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2.8: Chrome Networking

Introduction

We may not have noticed, but we've already been using our browsers' networking functionality. We're now ready to observe how our browsers request and retrieve HTML files when we visit domains such as google.com. **Every time we enter a URL into our browser we send a request to retrieve an HTML file. **This mechanic is the foundation of the Internet.

DevTools Network Tab

We can use the DevTools Network tab to analyse network requests from our browser.
The DevTools Network tab shows a chronological list of all HTTP requests from the current page.
  1. 1.
    Click on one of the items in the list of requests to see that request's details.
  2. 2.
    Click on the Response tab within the detailed request view to see the raw response text.

HTTP Request Triggers

There are multiple ways to trigger HTTP requests from our browsers. The following are some we've seen already.

Typing in Address Bar

When we enter a URL in our address bar, the following happens.
  1. 1.
    Our browser sends a DNS request to resolve the URL's domain to an IP address.
  2. 2.
    Once the browser identifies the IP address, it sends an HTTP GET request to that IP.

HTML Tags Referencing External Resources

<link rel="stylesheet" href="https://maxcdn.bootstrapcdn.com/bootstrap/3.3.7/css/bootstrap.min.css" >
<script src="https://maxcdn.bootstrapcdn.com/bootstrap/3.3.7/js/bootstrap.min.js" ></script>
Link and Script tags download files for the browser to parse, which may not change visual output.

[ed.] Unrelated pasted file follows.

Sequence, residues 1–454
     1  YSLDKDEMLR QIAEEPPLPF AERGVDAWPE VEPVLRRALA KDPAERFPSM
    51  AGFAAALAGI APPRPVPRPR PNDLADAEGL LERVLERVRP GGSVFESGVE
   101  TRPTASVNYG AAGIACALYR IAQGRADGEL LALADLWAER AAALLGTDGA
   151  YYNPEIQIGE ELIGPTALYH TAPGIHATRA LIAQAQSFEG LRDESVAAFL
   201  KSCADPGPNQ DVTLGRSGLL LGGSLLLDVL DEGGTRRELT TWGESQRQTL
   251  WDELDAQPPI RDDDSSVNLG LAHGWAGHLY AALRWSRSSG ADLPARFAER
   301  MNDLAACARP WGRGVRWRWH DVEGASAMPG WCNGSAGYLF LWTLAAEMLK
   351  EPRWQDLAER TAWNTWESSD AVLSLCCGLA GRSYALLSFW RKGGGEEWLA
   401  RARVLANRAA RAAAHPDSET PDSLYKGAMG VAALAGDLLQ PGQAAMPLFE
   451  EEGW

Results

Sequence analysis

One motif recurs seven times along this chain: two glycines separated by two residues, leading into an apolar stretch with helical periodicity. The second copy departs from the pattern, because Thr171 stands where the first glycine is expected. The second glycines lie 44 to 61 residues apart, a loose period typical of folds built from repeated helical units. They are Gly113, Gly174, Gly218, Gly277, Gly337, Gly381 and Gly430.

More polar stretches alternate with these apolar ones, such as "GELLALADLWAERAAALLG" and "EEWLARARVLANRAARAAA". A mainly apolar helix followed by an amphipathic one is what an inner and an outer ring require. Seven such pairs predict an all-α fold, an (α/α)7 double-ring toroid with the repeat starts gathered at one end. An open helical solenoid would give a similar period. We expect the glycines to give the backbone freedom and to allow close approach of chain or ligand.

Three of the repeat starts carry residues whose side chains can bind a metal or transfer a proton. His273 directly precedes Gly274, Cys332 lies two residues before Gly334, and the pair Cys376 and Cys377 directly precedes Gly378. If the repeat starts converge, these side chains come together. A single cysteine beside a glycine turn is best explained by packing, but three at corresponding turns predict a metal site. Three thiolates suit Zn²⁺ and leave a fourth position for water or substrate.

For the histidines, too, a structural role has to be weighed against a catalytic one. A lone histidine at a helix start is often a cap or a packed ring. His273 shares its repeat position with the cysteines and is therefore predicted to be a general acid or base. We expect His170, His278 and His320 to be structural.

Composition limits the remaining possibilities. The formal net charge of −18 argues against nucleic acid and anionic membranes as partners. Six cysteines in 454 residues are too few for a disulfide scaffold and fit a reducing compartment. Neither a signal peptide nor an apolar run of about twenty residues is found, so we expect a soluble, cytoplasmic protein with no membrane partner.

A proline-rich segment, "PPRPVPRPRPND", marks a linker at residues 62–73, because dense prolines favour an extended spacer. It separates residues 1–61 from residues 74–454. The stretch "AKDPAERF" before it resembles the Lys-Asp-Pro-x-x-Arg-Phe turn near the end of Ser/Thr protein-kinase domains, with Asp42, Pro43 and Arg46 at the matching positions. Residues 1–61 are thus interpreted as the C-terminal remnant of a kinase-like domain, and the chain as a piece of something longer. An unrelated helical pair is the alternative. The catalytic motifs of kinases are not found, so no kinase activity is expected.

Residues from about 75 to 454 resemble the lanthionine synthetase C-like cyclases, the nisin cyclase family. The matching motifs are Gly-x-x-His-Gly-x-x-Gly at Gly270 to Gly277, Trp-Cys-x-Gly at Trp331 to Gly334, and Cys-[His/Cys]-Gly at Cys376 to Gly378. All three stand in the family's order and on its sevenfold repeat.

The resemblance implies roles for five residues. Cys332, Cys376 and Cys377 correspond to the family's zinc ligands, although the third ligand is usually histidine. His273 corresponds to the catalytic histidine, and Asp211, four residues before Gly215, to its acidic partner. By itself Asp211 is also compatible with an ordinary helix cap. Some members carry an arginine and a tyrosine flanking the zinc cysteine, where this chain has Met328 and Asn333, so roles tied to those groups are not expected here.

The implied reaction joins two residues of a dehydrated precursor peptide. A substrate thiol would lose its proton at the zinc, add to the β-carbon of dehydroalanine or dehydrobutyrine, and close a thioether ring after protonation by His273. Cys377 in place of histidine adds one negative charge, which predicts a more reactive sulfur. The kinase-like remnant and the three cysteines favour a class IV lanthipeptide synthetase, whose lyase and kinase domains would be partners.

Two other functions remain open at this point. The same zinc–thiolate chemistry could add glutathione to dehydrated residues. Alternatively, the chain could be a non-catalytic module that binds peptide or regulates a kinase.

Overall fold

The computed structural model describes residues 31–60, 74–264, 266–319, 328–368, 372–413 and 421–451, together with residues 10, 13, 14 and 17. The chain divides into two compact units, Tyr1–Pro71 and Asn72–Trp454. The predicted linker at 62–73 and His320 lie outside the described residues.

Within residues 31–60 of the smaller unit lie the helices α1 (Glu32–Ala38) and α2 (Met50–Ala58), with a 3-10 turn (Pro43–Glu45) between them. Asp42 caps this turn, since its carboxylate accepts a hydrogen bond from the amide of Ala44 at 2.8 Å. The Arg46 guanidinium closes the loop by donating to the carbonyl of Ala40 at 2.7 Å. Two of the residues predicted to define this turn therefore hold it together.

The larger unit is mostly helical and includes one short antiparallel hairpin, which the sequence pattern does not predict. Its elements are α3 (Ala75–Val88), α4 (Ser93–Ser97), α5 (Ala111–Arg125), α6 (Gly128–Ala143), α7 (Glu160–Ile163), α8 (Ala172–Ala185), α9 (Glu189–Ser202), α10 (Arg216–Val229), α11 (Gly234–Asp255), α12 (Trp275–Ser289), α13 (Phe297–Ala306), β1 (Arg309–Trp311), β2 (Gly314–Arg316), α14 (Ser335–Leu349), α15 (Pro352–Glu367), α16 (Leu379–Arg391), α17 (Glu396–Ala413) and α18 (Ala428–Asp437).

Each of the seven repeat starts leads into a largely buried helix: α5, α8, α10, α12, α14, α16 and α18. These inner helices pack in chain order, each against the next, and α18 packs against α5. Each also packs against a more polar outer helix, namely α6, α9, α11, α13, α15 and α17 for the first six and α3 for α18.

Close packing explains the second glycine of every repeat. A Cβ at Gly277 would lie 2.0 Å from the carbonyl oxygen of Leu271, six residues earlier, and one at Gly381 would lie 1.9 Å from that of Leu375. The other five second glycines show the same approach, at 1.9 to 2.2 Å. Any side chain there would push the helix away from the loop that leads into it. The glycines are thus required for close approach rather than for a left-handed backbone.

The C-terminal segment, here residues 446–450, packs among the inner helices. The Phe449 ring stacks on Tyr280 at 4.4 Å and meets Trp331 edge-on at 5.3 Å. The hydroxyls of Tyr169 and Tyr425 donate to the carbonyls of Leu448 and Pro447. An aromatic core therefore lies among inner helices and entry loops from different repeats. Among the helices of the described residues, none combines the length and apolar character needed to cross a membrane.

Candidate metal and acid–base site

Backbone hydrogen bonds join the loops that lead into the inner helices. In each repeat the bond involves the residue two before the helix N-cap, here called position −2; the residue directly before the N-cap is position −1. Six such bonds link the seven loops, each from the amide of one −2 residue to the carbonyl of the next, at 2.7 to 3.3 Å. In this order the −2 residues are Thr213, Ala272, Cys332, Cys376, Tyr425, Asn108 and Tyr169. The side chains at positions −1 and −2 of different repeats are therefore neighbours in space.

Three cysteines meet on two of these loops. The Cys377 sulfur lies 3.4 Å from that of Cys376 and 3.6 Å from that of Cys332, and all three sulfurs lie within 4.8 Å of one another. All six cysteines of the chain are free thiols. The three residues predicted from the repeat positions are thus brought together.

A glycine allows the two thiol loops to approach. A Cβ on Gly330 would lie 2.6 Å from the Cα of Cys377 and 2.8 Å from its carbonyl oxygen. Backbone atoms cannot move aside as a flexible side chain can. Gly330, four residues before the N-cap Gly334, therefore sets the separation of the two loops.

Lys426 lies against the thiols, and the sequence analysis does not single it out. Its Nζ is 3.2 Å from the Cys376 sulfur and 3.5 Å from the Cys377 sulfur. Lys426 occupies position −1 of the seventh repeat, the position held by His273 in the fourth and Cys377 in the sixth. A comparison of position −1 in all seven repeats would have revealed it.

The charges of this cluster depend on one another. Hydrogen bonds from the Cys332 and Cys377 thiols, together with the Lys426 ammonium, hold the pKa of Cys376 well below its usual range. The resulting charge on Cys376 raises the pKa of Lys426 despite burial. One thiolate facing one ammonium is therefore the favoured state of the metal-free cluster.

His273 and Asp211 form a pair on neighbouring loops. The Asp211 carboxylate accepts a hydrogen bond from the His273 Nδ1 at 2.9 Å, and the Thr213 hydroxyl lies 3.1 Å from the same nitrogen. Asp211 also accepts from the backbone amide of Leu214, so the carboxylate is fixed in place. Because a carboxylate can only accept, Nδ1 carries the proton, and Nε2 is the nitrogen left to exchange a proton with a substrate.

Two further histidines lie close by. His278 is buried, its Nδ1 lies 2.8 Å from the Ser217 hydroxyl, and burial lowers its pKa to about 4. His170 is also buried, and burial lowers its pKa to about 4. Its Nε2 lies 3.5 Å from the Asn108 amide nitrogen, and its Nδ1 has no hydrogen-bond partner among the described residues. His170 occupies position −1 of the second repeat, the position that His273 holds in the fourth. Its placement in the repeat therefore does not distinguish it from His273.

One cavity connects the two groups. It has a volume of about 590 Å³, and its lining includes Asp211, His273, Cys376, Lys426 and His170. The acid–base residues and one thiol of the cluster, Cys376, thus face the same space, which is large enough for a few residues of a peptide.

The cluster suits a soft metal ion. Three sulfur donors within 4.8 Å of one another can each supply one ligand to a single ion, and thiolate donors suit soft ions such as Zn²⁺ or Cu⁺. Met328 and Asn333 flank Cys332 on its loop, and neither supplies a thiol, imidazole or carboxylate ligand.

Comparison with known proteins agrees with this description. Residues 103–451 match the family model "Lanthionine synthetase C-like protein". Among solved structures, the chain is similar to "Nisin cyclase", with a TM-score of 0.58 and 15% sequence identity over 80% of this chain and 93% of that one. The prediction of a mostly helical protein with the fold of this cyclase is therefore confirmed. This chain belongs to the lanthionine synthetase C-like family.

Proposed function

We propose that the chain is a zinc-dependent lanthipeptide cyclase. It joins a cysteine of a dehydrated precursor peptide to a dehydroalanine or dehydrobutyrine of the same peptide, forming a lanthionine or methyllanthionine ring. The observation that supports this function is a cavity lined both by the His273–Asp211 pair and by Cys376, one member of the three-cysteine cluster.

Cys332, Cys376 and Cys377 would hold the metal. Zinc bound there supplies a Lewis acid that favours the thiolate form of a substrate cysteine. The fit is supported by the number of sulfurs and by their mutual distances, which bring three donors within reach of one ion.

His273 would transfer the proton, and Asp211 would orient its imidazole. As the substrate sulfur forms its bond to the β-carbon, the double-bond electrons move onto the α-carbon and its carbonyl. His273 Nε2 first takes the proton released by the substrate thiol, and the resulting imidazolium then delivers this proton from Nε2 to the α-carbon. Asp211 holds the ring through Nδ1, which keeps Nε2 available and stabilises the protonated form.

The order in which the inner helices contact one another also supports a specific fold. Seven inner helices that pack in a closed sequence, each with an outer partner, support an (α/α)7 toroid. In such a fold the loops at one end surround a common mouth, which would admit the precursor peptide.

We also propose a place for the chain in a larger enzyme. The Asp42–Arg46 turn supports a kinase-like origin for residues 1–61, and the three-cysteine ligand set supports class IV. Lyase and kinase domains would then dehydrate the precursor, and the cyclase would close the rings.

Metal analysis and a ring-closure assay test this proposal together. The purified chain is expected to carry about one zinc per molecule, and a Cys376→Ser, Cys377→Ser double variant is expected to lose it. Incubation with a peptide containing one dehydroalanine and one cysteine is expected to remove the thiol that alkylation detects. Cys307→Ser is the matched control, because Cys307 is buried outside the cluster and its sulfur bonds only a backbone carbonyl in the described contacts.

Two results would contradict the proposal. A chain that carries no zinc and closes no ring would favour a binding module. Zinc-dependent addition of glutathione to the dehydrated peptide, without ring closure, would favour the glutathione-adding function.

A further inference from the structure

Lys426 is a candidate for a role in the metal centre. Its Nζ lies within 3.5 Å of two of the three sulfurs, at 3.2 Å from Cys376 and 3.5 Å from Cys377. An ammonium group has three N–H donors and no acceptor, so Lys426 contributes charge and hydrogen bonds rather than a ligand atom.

Img Tags

<img src="http://www.images.com/example.jpg"/>
Img tags download a file to display on the page.
<a href="http://www.google.com">google</a>
Link tags trigger HTTP GET requests (more on GET requests in 2.9: HTTP) to the href address. Often the response to such links will be another HTML file.

Form Tags

<form method="POST" action="http://google.com">
<input type="text" name="name"/>
<input type="submit"/>
</form>
Form tags sent requests to the action address on submit. Form requests are typically HTTP POST requests, which we will understand more in 2.9: HTTP.

Disable Cache

The browser cache is a part of Chrome that stores certain files and records that Chrome has seen and/or downloaded before and thinks it will use again.
In the network tab the file downloads that are cached can be seen in the Size column.
During the course we want to ask the browser to never put anything in the cache while we are working on application code. We can disable the cache with the Disable Cache checkbox. This checkbox should always be checked.
Always check the Disable cache checkbox in the Network tab of the Chrome dev tools.

Exercise

  1. 1.
    Open the Chrome DevTools Network tab.
  2. 2.
    Create and open an HTML file with each of the above tags and see what requests are created in the Network tab.
  3. 3.
    Click the a tag link and observe the HTML in the HTTP response.
  4. 4.
    Go to google.com and inspect (using DevTools) the form for the search bar.
    1. 1.
      Notice that it is still an HTML form.
    2. 2.
      Inspect the request that the browser sends when we submit the form.
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On this page
Introduction
DevTools Network Tab
HTTP Request Triggers
Typing in Address Bar
HTML Tags Referencing External Resources
Disable Cache
Exercise